THE island's first maritime museum has been opened in the 13th century oratory of Santa Catalina in the port of Soller.
The initial cost of the project was 323'600 euros, and it was paid for by the Plan of Excellence in Tourism. The Council of Majorca refurbished the building, which was not intended to house a museum originally. However, the Council then conceived the idea of a network of maritime museums dotted around the island, and it was decided to incorporate the oratory into the scheme.
The museum, however, belongs to the town council as the Council of Majorca's plan has been delayed.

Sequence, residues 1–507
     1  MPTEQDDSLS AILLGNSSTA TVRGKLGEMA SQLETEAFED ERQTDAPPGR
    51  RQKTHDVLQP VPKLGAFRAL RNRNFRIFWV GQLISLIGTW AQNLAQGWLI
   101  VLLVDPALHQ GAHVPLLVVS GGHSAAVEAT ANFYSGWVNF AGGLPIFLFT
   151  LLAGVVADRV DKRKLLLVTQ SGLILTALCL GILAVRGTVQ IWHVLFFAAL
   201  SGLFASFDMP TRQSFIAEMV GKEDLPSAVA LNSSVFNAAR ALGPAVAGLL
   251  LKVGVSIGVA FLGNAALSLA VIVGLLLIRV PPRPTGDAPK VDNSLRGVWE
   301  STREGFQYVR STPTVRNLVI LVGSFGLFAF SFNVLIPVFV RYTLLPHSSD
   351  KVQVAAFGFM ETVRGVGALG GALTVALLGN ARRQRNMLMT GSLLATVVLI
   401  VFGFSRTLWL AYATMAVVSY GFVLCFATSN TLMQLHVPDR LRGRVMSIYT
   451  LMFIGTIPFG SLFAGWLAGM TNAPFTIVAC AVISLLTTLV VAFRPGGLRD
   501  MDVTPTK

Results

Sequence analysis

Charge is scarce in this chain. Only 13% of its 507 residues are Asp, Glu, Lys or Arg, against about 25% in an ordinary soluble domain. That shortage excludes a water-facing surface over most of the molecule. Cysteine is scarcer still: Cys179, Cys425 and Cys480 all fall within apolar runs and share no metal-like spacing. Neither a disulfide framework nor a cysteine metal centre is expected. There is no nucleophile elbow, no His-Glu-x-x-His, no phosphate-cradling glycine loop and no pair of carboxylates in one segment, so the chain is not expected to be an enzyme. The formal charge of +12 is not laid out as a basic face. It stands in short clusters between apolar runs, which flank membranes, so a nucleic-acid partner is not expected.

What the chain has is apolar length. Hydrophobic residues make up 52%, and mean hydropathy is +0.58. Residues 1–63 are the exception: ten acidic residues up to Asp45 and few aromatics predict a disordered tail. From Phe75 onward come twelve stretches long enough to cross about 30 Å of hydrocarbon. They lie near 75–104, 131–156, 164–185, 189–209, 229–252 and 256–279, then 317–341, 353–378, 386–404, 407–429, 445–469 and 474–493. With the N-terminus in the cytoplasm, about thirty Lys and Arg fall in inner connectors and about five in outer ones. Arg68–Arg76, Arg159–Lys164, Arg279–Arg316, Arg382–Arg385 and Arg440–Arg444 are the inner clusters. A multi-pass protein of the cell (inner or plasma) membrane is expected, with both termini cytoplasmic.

The museum has been devised as a centre for interpreting the role of Soller and its port in connection with the sea throughout the centuries.
It includes a review of the emigration from Soller to France and South America, closely related to maritime trade at the end of the 19th century, shipbuilding and all the traditional trades and crafts connected with the sea.
The main hall resembles the hold of a boat, with a mechanical system providing movement suggesting the swell of the sea.
There is also an audiovisual, exhibits from the merchant navy, the Spanish navy and private collectors.
The local authorities attended the opening, and the museum will have an open day on August 28, from 10am to 8pm.